-In the Samoan Village at the Polynesian Cultural Center our young men demonstrate cracking the coconut without draining the juice, but you may want to drink or pour it off first for other use.

 

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You’re now ready to crack open the coconut. Here’s how, if there’s still juice inside:

 

– Our Polynesian Cultural Center Samoan Villagers use a rock, but any solid tool should work — for example, the back of a heavy-bladed knife.

– Hold the coconut in one hand with the ridge-between-the-eyes up.

– Strike perpendicularly across that ridge midway between the “face” and “butt.” One solid blow should crack the coconut all the way around. If not, give it a few additional but gentler taps; or turn it and try the same perpendicular blow across one of the other ridges.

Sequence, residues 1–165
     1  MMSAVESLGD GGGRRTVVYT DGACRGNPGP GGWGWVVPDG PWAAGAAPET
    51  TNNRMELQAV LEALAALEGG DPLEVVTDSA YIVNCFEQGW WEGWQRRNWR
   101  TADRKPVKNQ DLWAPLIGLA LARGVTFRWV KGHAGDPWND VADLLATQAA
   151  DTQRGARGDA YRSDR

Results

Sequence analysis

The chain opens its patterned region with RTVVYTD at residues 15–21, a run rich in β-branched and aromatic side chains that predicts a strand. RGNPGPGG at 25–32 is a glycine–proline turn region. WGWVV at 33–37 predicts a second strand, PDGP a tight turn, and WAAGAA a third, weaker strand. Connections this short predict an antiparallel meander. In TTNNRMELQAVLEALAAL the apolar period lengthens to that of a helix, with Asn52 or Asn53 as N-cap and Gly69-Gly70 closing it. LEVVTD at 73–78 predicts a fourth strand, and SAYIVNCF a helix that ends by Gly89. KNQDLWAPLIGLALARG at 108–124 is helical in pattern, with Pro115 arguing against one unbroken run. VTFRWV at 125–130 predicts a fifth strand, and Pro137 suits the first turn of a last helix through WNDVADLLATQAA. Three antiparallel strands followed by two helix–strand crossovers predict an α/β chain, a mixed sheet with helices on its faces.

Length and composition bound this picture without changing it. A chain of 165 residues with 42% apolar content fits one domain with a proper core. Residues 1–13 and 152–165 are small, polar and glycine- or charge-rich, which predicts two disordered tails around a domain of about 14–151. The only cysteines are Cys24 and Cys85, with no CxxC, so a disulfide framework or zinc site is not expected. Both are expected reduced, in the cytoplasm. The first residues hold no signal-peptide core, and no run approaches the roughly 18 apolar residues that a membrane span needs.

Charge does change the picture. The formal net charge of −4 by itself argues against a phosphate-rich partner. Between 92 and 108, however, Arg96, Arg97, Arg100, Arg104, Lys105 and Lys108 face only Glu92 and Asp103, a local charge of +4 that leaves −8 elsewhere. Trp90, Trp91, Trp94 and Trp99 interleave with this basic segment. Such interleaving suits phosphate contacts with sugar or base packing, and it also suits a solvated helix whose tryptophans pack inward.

– A this point you might have to put the striking object down and twist the two halves of the coconut apart.

 

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Here’s a secret to try if there’s no juice inside:

 

– Put your thumb over the pierced “mouth,” then follow the directions above. Blocking the air inside the coconut with your thumb creates extra air pressure when its struck, making it easier to crack.

– And if you don’t have a “tool” to strike the ridge between the eyes, accomplish the same thing by swinging the whole coconut into a rocky edge, for example a cement step, edge of a brick wall, etc., so it strikes the ridge perpendicularly. It should crack right open (remember the thumb-trick if you’ve already poured off the juice).

 

Niu vs. Popo

 

Next, let’s distinguish between young usually-green coconuts, which Samoans call niu, and mature brown ones (like the ones sold in stores), which they call popo.